indicatorFund Commentary

Sub Advisor Insights—Markets Q2 2022

Compass™ sub-advisors discuss the market and analyze the events during the second quarter of 2022.

By ATB Investment Management 29 July 2022 5 min read

Cardinal Capital Management Inc.

Contributed by: Cardinal Capital Management Inc.

The second quarter of 2022 was challenging for the markets. Inflation has remained persistently high and central banks have become even more hawkish leading to aggressive tightening policies. The interest rate yield curve has flattened leading to fears of a significant economic slowdown and a global recession. In addition, the ongoing conflict in Ukraine and the slowdown in the Chinese economy due to strict covid measures has undermined investor sentiment. 

Global equity markets saw a sharp pullback in June, leading many indices to be near or in bear markets. In North America, U.S. stocks entered bear market territory in June while Canadian equities fared better. Canada’s high exposure to the natural resource sector helped to limit the losses. 

In Canada, the economy unexpectedly slowed in May despite holding up reasonably well in prior months. This has raised fears that it is slowing sooner than anticipated. With inflation running at 39-year highs, the central bank is expected to continue to raise rates aggressively, even if it results in slowing economic growth. Financial markets will continue to be volatile as central banks battle inflation. 

Despite the volatility in the second quarter, the portfolio held up well against the benchmark. The portfolio returned -8.79% in the second quarter resulting in relative outperformance of 440 basis points against the benchmark return (S&P/TSX Composite Index) of -13.19%. Outperformance in the first quarter and second quarter of this year has increased the value added against the benchmark for the one year, two year and since inception performance numbers.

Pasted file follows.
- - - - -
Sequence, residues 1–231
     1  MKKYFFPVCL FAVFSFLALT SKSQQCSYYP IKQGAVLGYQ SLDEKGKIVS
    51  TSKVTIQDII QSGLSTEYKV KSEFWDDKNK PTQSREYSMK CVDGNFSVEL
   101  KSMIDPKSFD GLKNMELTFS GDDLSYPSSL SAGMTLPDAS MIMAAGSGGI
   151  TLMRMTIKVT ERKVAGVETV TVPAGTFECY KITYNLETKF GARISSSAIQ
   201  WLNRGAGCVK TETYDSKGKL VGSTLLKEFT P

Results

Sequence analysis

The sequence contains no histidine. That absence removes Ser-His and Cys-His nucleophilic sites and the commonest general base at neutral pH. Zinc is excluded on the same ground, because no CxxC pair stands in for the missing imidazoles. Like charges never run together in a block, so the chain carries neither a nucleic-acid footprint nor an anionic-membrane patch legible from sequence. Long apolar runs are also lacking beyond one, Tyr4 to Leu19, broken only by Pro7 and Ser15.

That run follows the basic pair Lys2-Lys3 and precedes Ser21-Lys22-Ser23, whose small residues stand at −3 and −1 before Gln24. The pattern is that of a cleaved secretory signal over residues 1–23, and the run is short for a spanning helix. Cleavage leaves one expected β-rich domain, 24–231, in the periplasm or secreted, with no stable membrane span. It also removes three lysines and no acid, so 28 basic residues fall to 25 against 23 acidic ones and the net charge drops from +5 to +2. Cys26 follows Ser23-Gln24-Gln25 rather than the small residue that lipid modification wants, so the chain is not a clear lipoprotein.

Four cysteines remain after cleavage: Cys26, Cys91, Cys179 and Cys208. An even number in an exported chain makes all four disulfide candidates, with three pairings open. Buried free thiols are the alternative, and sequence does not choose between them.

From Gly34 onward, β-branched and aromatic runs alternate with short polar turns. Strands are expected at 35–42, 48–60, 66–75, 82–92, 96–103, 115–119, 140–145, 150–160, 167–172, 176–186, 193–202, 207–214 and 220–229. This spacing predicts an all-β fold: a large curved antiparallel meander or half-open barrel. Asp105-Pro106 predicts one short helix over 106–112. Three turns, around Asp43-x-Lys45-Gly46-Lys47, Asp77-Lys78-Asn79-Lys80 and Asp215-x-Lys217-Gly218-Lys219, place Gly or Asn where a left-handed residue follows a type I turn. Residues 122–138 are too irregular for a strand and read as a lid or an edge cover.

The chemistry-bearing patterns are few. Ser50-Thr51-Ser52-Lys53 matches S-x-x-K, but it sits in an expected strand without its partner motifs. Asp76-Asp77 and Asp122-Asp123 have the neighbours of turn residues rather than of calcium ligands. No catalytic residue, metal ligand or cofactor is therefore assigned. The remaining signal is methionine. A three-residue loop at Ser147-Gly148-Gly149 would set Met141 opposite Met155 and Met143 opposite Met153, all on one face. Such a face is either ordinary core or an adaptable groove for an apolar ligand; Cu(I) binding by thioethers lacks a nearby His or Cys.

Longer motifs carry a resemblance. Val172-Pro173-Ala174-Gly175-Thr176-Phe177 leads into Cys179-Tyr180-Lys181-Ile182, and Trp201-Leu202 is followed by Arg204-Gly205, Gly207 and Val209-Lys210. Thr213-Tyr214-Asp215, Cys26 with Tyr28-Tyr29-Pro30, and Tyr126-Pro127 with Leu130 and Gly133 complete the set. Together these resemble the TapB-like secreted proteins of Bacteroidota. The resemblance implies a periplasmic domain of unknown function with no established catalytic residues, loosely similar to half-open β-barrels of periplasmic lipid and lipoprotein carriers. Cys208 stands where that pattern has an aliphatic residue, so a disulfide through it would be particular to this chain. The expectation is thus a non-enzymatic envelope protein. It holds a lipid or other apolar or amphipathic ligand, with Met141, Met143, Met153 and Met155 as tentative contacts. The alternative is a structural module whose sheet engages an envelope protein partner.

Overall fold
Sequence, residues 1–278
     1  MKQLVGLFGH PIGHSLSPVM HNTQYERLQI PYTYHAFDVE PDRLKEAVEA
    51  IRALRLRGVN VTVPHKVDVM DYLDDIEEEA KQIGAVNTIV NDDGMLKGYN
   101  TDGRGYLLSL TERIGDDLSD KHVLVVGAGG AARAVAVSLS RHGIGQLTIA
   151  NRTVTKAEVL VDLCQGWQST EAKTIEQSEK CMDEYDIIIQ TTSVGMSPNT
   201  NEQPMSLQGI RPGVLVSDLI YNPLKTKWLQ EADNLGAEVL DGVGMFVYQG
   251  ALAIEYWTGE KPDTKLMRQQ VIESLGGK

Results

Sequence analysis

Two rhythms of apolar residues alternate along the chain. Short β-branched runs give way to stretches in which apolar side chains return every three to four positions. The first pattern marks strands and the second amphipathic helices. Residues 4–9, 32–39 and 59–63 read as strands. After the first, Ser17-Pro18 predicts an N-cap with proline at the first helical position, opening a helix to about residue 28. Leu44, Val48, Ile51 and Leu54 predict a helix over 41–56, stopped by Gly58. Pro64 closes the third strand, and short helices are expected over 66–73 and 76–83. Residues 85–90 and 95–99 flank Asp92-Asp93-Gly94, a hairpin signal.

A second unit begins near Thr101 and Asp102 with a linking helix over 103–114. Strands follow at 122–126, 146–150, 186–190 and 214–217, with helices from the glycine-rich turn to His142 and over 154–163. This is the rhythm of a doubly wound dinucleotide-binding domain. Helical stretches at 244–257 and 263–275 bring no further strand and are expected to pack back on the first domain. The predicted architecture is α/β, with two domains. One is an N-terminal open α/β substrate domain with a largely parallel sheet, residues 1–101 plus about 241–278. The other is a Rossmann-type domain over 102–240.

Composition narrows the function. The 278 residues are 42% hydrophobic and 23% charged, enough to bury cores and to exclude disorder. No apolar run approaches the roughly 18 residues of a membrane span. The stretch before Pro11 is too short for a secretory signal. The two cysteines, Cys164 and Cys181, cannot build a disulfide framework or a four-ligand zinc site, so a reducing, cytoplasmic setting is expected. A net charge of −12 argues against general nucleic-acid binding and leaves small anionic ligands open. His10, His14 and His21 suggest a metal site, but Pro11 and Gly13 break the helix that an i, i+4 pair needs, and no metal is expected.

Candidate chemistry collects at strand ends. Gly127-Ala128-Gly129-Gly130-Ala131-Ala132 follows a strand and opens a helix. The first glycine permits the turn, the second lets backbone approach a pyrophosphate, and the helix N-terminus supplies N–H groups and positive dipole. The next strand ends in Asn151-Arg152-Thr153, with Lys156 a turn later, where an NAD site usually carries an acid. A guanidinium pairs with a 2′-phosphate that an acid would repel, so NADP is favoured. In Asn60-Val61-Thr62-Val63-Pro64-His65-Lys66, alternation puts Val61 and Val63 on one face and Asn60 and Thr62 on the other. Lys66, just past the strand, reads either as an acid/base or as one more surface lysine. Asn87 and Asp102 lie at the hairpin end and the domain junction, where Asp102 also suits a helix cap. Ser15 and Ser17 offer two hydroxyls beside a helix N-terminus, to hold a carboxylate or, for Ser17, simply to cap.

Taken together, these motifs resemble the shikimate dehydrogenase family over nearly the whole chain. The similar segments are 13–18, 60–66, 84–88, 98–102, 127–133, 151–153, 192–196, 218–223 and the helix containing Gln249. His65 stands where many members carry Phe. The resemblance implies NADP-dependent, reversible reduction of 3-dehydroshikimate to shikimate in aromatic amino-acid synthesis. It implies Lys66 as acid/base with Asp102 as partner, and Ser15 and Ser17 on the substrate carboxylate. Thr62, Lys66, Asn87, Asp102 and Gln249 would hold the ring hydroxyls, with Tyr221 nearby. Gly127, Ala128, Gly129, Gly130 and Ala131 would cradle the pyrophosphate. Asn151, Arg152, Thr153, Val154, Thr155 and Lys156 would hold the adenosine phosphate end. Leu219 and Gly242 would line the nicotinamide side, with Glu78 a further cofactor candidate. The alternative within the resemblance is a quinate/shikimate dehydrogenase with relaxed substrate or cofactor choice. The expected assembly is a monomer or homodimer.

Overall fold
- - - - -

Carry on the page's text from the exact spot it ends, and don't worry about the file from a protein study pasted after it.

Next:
Canso Investment Counsel Ltd.

Contributed by: Canso Investment Counsel Ltd.

Accelerating inflation and rising interest rates caused the global markets to take a bruising in the first half of the year, the worst in several decades. Stocks, bonds, emerging markets and cryptocurrencies all posted steep losses. One of the few assets that rose in the first half was certain commodity prices. Oil and gas prices rose after the Russia-Ukraine war disrupted imports from Russia, the third-largest oil producer in the world. Investors seeking refuge from volatile financial markets have also piled into the U.S. dollar as a safe bet. The currency at a multi-decade high is also getting support from the Federal Reserveʼs aggressive interest rate increases.

The Fed admitted that inflation remains elevated, reflecting supply and demand imbalances related to the pandemic, higher energy prices and broader price pressures. They have raised interest rates three times this year. The most recent increase was by 0.75% in June, which was the biggest such move since 1994. The central bank is also starting to reduce its holdings of Treasury securities, agency debt and mortgage-backed securities. Investors concede that the current economic environment in which inflation is high, borrowing costs are rising and growth is expected to slow, makes it difficult to be enthusiastic about many parts of the market.

The Bank of Canada increased their overnight rate to 1.5%. Economic growth is strong in Canada and household spending has strengthened after the lifting of public health restrictions. Housing market activity has moderated from its lofty levels. Job vacancies are elevated, and companies are reporting widespread labour shortages. Wage growth has picked up across sectors. The Bank of Canada is concerned about the risk of elevated inflation becoming entrenched and has guided to further rate hikes to curb inflation.